Word from Wormingford - Ronald Blythe

We sit by Roger's deathbed, Alison, Vicki, and I. It is late Sunday afternoon, with the heatwave fading; and Roger lies against a white mountain of pillows. The little window opens on to the mite of grass and the cool moat in whch Roger swam all the year round, writing the preface, as it were, for his strenuous masterpiece Waterlog.

Now he whispers, his familiar voice a kind of human susurration in tune with aspen leaves, and we listen hard to catch his words. He looks, if anything, rather astonished, as do we in our different ways.

When he drove from his ancient farmhouse to mine, he would bring a present: a fine cup, a fine grapefruit sapling he had grown from a pip, and once a wonderful new scythe from Stowmarket. Now and then, we were made to stand side by side at literature festivals and talk about the countryside; and he would laugh, because, he said, I used complete sentences, the kind you read.

And now his light flickers, every now and then flaring into his old self, every now and then on the verge of going out. The rough draft for the jacket of his last book slips on the coverlet. It is called Wildwood: A walk through trees.

I have brought John Clare's poems with me. I read the one that Ted Hughes read in Poets' Corner when we put up a memorial to him. It is called "The Nightingale's Nest", and it describes Clare being torn between his need to come close to the sitting bird and his longing not to scare it. How can he communicate his not being like other men or, rather, boys?

It is a long poem, and Roger's ears, I realise, are not at all dying at this moment. He is listening to Clare as keenly as we listened together to the nightingales at Tiger Hill. Both John Clare and John Keats - they knew of each other and shared the same publisher - believed that the nightingale "lived on song".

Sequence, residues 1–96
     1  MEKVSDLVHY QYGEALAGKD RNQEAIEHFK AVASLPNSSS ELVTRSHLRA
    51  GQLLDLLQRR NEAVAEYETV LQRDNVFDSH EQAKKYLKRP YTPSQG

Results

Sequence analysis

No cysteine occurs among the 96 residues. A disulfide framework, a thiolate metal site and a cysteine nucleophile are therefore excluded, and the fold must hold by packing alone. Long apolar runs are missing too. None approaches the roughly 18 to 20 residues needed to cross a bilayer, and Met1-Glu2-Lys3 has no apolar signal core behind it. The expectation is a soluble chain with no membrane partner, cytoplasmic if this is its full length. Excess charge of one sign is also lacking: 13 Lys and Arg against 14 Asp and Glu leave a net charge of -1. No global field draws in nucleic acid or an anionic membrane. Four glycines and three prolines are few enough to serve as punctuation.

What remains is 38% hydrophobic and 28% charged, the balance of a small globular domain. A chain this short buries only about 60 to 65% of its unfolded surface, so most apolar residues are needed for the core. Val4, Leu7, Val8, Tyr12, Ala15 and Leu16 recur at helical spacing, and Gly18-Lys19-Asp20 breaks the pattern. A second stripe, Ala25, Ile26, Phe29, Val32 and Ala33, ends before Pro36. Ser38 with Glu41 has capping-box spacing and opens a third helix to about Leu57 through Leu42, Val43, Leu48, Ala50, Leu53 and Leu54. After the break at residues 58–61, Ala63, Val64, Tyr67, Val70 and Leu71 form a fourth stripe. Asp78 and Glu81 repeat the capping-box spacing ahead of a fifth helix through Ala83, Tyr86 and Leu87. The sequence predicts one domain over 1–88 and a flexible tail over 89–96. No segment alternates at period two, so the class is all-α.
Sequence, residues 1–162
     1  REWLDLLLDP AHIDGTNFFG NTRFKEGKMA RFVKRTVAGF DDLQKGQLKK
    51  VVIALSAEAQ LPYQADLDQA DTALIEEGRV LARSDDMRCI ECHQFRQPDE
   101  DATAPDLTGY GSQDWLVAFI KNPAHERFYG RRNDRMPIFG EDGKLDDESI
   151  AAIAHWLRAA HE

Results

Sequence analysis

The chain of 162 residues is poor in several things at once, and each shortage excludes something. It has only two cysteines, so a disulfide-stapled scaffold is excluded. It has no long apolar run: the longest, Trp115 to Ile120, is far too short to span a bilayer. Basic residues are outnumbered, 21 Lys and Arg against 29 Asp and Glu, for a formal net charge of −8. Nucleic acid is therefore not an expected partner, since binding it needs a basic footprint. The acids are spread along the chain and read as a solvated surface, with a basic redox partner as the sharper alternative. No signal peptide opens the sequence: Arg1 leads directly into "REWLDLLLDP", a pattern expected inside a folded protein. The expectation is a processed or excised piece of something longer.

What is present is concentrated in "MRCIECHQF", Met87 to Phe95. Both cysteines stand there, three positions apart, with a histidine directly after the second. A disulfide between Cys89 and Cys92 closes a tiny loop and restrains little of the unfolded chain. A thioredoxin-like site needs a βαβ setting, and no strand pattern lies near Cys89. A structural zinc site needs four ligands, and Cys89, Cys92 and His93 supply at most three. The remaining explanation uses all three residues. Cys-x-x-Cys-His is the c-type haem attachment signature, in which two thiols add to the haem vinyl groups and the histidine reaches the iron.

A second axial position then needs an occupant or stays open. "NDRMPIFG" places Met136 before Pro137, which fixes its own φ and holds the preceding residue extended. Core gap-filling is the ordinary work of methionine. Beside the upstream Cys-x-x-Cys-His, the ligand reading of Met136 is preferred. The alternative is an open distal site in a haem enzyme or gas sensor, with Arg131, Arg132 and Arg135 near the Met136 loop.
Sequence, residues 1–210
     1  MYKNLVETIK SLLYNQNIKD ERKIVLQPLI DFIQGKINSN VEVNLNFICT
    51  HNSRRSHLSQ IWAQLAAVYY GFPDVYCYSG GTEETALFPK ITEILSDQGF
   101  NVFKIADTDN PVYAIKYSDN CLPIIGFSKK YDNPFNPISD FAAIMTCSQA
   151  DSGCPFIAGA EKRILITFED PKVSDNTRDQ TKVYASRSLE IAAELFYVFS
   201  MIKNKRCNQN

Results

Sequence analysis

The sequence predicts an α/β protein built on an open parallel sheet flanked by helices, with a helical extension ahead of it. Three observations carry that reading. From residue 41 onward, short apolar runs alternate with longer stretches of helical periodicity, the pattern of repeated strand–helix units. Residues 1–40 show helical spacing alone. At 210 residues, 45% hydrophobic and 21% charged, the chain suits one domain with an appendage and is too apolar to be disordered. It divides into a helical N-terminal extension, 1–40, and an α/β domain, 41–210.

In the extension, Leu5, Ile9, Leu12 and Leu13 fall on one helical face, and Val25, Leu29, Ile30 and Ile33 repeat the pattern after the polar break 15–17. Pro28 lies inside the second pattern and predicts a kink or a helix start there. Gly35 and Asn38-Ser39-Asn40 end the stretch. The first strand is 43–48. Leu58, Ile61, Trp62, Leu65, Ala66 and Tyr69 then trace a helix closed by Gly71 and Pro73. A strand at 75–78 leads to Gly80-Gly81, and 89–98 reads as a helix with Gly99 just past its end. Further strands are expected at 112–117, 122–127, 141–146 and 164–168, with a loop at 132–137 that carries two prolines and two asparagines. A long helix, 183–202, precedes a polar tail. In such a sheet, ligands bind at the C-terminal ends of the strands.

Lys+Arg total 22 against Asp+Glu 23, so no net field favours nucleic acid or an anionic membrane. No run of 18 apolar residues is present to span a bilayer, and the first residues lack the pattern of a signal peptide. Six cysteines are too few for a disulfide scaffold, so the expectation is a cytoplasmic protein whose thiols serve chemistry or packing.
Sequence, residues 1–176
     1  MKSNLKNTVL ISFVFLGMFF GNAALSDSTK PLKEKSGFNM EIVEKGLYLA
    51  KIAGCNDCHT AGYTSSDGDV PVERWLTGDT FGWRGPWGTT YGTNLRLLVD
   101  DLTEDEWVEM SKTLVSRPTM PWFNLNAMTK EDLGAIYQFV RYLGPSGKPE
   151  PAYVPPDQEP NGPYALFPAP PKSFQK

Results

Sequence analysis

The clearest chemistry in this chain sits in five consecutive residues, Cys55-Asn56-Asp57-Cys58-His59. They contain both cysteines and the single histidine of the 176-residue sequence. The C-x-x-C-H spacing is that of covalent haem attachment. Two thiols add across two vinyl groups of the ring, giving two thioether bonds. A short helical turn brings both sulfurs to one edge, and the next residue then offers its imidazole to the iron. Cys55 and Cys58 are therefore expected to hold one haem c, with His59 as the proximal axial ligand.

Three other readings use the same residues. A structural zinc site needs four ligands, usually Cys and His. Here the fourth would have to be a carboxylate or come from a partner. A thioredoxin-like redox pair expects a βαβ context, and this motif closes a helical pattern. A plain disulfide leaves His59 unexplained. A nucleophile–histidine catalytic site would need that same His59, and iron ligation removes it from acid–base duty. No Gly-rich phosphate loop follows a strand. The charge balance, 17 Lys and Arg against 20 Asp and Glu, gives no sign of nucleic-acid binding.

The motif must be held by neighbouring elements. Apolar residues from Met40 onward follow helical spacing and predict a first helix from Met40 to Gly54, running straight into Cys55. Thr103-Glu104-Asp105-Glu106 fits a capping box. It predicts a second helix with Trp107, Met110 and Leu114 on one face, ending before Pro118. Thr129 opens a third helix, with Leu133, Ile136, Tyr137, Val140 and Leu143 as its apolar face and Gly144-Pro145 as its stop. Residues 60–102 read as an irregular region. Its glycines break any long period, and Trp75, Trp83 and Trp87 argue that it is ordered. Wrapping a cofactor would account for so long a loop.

Clare was the greater naturalist, and knew all about those physical things that produced the music, the dense coverage below the trees in Royce Wood, the secret nest -

. . . no other bird
Uses such loose materials or
Their dwellings in such spots
- dead oaken leaves
Are placed without and velvet
moss within,
And little scraps of grass -
and scant and spare
Of what seems scarce
materials, down and hair ...

Walnut Tree Farm, the home that Roger re-created from abandoned materials, has always reminded me of how men, long ago, and maybe even today, had a nest in mind when they looked around for a house. It hides away in foliage that brings secrecy to a vast open common. Going to see him there has often made me think of centuries of spun-out villagers, as anxious to discover what is going on in nests not their own as Clare was when creeping towards his revered nightingale, terrified that she would hear him and her song would be cut short by "choaking fear".

Only a year or two ago, I had heard Roger Deakin recording the creaks and bumps of Walnut Tree Farm on the radio, and the rivery sounds of the Waverney, perfect scraps of nature's conversation. Could we, perhaps, hear John Donne's prayer? The one about the house in which there will be "no noise nor silence, but one equal music . . . no ends nor beginnings, but one equal eternity"? And thus we kiss and leave.

(Church Times - 1st September 2006) Posted by Picasa

1 comment:

Anonymous said...

I am so pleased to have found this on your blog site. Although I never met Roger Deakin, his words and broadcasts touched myself and my mother as if we had met him in a whispering lane or some other rural setting as he sorted out his shed rubbish or collected up his organ pipes that were used as steam boxes for bending wood. I had seen the entry by Ronald before, but it was lost as the Church newsletter page was refreshed in November and it was only a strange coincidence that I had scanned the beautiful John Clare blog to find a suitable few lines for my mother's birthday. So once again, the planets align and if there is another place, John Clare was there to have a chat and show Roger around. Thank you so much.